[edit] HabitatEuropean earwigs survive well in cool, moist habitats and have an optimum mean growth temperature of 24 °C (75 °F).[10] Their daily abundance in a given year has been linked to factors such as temperature, wind velocity and the prevalence of easterly winds.[21] The development of European earwigs also depends on temperature.[9][10] Thus, the occurrence of European earwigs can be predicted based on weather parameters.[22] Hibernating adults can tolerate cool temperatures, but their survival is reduced in poorly drained soils such as clay.[10] To avoid excessive moisture, they seek the southern side of well drained slopes. Sometimes they also occupy the hollow stems of flowers where the soil is poorly drained.[9][23] Their eggs are capable of resisting damage from cold and heat.[24]

[edit] Agricultural impactForficula auricularia has been known to cause significant damage to crops, flowers, and fruit orchards when at high population levels. Some of the commercially valuable vegetables it feeds upon include cabbage, cauliflower, chard, celery, lettuce, potato, beet, and cucumber among others. Earwigs readily consume corn (maize) silk and can damage the crop. Among fruits, they have been found to damage apple and pear orchards. They damage young plum and peach trees in early spring, when other food is scarce, by devouring blossoms and leaves at night. It is not uncommon to find them wedged among petals of fresh cut carnations, roses, dahlia and zinnia.[15]

In addition to all of the agricultural problems caused, humans are not very fond of F. auricularia because of its foul odor and annoying propensity to aggregate together in or near human dwellings.[15]

Control of F. auricularia has been attempted using some of its natural enemies, including the parasitoid fly Bigonicheta spinipenni, the fungi Erynia forficulae and Metarhizium anisopliae, as well as many species of birds.[15] Insecticides have also been successfully implemented, although commercial products are rarely targeted specifically towards earwigs. Multipurpose insecticides for control of earwigs, grasshoppers, sowbugs and other insects are more common.[15] Diazinon, an organophosphate insecticide, has been known to continue killing F. auricularia up to 17 days after initial spraying .[25]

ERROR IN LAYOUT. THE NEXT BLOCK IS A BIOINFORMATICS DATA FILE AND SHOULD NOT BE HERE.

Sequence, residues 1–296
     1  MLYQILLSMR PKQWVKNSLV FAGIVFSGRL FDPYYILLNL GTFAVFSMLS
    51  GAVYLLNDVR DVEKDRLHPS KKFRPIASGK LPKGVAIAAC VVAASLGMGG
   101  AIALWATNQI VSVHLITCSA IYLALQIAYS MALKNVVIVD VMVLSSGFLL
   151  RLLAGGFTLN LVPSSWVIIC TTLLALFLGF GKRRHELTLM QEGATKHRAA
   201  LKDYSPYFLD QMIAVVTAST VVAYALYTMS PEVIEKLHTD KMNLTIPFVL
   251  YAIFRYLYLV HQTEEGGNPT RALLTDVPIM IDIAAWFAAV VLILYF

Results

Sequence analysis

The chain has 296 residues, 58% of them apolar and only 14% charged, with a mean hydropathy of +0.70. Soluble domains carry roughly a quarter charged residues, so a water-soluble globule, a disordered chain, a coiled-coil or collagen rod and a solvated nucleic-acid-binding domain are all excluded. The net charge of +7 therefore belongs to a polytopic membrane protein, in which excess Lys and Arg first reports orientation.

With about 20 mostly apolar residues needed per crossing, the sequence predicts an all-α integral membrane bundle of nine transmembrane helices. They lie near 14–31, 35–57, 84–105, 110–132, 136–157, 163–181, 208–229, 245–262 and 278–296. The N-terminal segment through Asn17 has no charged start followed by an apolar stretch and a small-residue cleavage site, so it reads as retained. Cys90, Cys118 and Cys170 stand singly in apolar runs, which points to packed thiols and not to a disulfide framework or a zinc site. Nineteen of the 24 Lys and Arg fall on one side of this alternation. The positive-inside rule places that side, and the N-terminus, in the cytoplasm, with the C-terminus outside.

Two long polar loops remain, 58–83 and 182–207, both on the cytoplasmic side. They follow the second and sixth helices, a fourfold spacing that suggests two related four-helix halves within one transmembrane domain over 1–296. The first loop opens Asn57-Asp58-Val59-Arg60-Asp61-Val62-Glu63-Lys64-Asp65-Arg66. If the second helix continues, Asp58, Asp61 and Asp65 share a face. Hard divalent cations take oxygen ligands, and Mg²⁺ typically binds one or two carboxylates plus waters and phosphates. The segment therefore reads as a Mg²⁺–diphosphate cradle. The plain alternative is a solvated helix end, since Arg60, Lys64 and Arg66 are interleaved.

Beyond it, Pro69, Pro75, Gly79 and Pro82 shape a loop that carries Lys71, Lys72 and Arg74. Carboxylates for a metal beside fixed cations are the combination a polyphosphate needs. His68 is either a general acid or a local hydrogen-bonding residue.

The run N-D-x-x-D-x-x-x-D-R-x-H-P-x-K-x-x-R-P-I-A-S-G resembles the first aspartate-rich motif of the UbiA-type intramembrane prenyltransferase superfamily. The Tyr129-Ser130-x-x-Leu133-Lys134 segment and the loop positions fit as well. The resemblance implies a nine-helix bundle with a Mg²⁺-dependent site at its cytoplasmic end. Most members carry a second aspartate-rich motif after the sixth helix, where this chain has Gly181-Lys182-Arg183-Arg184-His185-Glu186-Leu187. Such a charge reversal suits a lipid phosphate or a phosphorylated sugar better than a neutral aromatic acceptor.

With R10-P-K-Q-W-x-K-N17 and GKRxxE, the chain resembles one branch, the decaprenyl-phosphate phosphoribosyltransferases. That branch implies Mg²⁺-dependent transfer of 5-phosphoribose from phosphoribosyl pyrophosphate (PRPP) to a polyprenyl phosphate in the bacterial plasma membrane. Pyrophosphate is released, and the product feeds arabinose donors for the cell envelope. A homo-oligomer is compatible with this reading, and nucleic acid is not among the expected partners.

Humans have, however, found beneficial uses of F. auricularia in the pest management of other insects. The European earwig is a natural predator of a number of other agricultural pests, including the pear psyllid and several aphid species, and in this regard has been used to control outbreaks of such organisms.[26] Damage to crops by F. auricularia is limited as long as there are high population levels of their insect prey.[27]

 
Thank you
for the lengthy copy-and-paste job. Although it is well-intended, I would like to suggest that you not use Wikipedia as a citation on bugguide. If the sources cited in the Wikipedia article are creditable, simply cite them. If you think this information is extremely valuable to bugguide, I also suggest contacting the editor of the information page for this species, rather than cluttering individual pictures with big blocks of text.

Earwig
This is an earwig, quite common, can give a pinch if mishandled, but mostly harmless